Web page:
In general, the automatic acquisition circuit 44 includes a discriminator, which is'a part of thephase lock loop in the tracker 42, and a shorting switch coupled between the integrator of the VCO control circuit and the discriminator such that when the switch is shorted or closed, the VCO control circuit will hold and control the voltage controlled oscillator in such a manner that it will not change frequency but will continue to produce the frequency as of the last information received.

The acquisition circuit may employ logic information from a phase detector and a coherent detector to control the switch for shorting out the signal appearing over the lead 50. This results in the integrator output effecting a change in the frequency of the voltage control oscillator in the direction of the frequency of received signals such that frequency coincidence, and as a consequence frequency lock, can occur. An exemplary automatic acquisition circuit is described in detail in a copending U.S. Pat. application, Ser. No. 737,123, filed June 14, 1968, by Thomas A. Goulet and Irving A. Sofen, entitled Pulse Sonar Navigational System" and assigned to the same assignee as the instant invention.

The output of the tracker circuit 42 is also applied to a demodulator unit 52 which is coupled to the master oscillator 30. The demodulator unit 31 serves to compare the originally transmitted frequency provided by the oscillator 30 with the frequency of the continuous signal provided by the voltage controlled oscillator in the tracker circuit 42. The result of this comparison is a frequency difference which constitutes the Doppler frequency caused by the relative movement between the transducers mounted on the hull of the marine vehicle 10 and the ocean floor.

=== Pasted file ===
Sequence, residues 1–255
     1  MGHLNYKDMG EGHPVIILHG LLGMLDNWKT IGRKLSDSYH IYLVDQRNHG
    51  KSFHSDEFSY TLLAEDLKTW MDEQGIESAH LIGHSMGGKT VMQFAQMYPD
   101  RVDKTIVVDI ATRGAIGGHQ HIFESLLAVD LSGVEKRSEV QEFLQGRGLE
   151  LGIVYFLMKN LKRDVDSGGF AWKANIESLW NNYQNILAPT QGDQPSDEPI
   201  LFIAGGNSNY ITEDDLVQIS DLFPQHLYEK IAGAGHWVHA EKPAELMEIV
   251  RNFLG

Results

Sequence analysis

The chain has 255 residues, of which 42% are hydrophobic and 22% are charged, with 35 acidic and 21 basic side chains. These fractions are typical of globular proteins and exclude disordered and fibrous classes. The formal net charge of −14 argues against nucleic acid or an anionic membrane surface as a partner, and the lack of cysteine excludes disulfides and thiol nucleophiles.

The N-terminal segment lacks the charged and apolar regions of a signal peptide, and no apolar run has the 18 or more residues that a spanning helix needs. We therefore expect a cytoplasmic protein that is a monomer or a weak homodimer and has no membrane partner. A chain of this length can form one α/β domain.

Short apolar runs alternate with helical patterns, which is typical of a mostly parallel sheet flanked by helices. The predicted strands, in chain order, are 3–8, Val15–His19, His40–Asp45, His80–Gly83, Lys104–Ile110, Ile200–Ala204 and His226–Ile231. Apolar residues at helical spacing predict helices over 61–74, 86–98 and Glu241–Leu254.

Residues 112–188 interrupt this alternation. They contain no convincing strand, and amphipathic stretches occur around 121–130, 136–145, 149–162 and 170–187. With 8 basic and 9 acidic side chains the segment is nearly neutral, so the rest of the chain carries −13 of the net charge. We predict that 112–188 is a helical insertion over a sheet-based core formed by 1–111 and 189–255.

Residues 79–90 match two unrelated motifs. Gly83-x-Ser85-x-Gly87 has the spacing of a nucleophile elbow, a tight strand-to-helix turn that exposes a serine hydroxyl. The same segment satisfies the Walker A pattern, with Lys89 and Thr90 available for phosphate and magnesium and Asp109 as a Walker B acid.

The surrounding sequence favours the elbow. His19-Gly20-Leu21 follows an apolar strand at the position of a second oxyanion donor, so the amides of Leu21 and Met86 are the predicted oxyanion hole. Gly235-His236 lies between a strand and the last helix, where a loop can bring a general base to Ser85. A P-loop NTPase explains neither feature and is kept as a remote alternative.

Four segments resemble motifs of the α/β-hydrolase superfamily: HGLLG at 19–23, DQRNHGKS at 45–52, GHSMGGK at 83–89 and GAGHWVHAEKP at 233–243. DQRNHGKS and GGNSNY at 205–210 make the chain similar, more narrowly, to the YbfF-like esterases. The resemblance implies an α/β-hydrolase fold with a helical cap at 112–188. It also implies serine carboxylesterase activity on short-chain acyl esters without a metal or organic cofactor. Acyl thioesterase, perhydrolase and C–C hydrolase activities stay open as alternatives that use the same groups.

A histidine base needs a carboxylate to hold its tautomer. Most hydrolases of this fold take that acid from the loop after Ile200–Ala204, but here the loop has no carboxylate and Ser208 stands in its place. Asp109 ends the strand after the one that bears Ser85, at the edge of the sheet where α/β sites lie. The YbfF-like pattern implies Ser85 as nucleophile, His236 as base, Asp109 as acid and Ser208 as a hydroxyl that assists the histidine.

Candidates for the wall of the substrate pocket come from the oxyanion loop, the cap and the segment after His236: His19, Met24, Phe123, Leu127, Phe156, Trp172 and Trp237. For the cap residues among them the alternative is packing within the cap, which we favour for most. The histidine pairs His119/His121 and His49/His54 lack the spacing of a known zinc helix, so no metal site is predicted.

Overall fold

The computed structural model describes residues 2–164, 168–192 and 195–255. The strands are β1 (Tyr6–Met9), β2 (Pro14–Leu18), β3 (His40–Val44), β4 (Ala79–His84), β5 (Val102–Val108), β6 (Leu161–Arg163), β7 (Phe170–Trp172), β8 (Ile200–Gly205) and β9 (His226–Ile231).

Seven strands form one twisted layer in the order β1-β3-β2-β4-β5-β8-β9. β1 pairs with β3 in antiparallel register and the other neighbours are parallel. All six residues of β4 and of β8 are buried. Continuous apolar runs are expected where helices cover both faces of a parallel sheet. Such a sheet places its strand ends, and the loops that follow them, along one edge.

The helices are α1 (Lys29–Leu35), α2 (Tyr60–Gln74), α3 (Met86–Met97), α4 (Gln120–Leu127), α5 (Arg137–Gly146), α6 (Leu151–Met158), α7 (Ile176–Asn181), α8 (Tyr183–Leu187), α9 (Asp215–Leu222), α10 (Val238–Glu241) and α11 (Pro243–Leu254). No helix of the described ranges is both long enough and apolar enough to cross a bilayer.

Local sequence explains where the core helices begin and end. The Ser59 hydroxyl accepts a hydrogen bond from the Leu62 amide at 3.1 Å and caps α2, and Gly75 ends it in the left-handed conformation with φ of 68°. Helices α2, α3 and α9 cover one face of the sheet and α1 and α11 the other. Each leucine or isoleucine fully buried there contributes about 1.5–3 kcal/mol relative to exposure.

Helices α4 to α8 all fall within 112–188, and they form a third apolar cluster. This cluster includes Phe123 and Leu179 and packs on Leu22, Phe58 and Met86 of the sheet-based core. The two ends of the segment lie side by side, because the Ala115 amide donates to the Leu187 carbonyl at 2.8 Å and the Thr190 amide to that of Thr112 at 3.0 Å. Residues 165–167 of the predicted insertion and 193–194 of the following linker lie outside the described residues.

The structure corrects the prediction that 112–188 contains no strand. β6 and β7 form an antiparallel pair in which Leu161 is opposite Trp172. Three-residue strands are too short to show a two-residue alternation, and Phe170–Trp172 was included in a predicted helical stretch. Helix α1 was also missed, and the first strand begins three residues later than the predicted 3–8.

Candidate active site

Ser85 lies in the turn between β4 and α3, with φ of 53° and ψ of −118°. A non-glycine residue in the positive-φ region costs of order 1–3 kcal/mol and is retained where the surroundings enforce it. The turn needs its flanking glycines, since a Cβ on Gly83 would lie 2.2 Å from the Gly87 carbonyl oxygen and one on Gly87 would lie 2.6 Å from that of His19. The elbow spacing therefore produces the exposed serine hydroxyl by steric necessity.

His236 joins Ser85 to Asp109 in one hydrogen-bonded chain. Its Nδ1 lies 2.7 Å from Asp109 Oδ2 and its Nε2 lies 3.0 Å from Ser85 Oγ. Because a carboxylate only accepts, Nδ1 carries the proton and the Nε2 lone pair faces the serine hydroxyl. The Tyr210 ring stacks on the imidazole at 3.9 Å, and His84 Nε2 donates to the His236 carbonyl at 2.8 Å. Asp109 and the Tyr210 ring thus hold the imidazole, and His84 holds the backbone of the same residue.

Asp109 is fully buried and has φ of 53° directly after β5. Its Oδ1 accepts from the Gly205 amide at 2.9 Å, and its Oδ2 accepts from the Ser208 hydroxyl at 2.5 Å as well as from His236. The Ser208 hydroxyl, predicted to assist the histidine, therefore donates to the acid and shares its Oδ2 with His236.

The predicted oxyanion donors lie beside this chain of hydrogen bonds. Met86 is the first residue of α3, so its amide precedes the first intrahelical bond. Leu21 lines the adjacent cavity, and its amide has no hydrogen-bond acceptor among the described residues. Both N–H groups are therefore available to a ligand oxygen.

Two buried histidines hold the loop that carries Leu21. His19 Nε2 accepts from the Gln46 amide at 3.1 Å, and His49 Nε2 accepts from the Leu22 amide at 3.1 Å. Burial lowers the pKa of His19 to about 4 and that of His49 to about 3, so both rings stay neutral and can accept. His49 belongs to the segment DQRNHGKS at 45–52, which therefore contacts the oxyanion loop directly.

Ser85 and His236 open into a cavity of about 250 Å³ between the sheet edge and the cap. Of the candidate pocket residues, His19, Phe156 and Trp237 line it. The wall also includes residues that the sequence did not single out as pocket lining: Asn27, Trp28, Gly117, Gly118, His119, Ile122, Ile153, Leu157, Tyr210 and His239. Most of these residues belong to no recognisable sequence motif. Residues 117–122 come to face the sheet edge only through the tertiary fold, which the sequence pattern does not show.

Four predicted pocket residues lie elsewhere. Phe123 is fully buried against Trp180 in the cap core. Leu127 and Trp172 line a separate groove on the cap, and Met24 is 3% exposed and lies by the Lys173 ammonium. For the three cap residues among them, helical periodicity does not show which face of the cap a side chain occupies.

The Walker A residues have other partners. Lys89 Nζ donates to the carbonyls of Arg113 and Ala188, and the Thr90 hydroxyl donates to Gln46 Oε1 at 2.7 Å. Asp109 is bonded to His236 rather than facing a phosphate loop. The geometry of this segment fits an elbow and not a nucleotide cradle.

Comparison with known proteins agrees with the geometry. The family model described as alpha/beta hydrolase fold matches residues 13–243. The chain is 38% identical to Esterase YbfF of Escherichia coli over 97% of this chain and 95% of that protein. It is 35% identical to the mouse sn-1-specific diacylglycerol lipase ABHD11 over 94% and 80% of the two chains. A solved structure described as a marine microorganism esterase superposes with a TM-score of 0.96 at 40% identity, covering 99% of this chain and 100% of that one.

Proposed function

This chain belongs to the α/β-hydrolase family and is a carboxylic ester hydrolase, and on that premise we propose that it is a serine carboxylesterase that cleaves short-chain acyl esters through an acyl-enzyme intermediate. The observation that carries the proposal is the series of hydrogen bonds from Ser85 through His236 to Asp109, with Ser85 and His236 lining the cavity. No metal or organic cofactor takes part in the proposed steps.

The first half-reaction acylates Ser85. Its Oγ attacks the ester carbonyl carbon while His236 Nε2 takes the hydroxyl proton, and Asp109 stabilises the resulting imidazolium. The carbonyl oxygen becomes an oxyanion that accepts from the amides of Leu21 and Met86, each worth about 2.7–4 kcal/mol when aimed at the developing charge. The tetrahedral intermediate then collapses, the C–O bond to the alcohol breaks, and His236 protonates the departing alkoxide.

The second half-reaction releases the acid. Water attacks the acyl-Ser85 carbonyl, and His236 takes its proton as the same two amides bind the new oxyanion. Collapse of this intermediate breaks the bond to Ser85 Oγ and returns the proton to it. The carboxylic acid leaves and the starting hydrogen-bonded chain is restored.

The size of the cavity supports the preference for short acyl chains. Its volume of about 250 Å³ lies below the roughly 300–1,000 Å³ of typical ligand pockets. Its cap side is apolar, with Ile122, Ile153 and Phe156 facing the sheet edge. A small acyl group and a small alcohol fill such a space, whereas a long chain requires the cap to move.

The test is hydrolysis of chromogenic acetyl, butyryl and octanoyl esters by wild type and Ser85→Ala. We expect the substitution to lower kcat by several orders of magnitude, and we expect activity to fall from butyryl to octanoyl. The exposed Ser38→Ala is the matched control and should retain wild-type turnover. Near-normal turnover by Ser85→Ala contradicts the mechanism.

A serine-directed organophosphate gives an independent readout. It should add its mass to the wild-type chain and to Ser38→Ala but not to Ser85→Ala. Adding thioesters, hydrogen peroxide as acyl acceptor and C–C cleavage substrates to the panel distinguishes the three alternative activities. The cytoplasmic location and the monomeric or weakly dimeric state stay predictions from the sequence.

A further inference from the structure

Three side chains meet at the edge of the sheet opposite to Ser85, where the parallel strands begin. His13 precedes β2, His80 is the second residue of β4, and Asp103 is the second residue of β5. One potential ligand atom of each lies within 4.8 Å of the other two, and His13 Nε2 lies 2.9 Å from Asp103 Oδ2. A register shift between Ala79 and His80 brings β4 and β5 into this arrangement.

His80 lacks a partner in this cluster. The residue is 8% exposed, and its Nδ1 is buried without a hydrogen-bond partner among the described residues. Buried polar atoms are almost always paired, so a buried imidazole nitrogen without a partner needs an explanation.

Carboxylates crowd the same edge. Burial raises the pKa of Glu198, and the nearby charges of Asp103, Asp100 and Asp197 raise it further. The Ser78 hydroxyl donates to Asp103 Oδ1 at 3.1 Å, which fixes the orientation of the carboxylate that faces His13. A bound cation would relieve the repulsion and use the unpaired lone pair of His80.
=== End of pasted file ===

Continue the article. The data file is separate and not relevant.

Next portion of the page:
The demodulator unit 52 is adapted to provide a pair of output signals, one over each of two channels, the signals being respectively a positive Doppler signal and a negative Doppler signal. These outputs are generated in a fashion such that they will not occur simultaneously but instead in sequence. In operation, the signal generated by the master oscillator 30 is supplied to each of the two channels of the demodulator unit 52. The oscillator frequency signal is phase shifted by degrees before being applied to one channel and applied directly to the other channel such that both 0 and 90 phases are used for demodulating purposes. The frequency of the continuous signal provided by the tracker 42 is compared to this oscillator frequency in each of the separate demodulator channels. if the Doppler frequency is positive, indicating a closing rate, an output signal will first occur on the positive demodulator lead 54. If the Doppler frequency is negative, indicating a down or opening rate, an output signal will first occur on the negative demodulator lead 56.

The outputs of the demodulator 52 are applied to a translator 58. It is to be noted that in addition to the output shown from the demodulator unit 52, three additional pairs of demodulator output leads are shown as indicated by the numerals 60, 62 and 64 which are respectively connected to circuitry similar to that just described in connection with the transducer 18.

After the signals are applied to the translator, the signals from the various channels of the system occupy sequential time channels and therefore do not occur simultaneously. The signals are then processed so as to then be digitally added in an adder 66 which serves to sum the signals from the various outputs of the translator 58 in such a fashion that the resulting signals represent four velocities which may be displayed over a plurality of suitable indicator devices 68, 70, 72 and 74, which velocities are respectively indicative of fore-velocity, aftvelocity, starboard-velocity and port-velocity.

Referring to FIG. 3, an exemplary gain control circuit 40 is illustrated. More particularly received signals are applied from the amplifier 38 (FIG. 2) through a buffer circuit 76 to an automatic gain control detector circuit 78. The signals provided by the automatic gain control detector circuit 78 are applied to a time varying gain circuit 80. Signals are also applied to the time varying gain circuit 80 through an amplifier 82 and a gate 84, coupled in series, which gate 84 is coupled to the nonunifonn pulse generator 32 (FIG. 2). The gate 84, which receives pulses from the nonunifonn pulse generator 32, serves to reduce the gain of the receiver during the transmit period. The time varying gain circuit 80, after the period that the gain has been reduced by the gate 84, is adapted to effect normal gain according to a preset time constant.

The time varying gain control circuit 80 may include, for example, an RC network for establishing the decay of gain as it reverts to normal gain according to the time constant provided for by the RC network.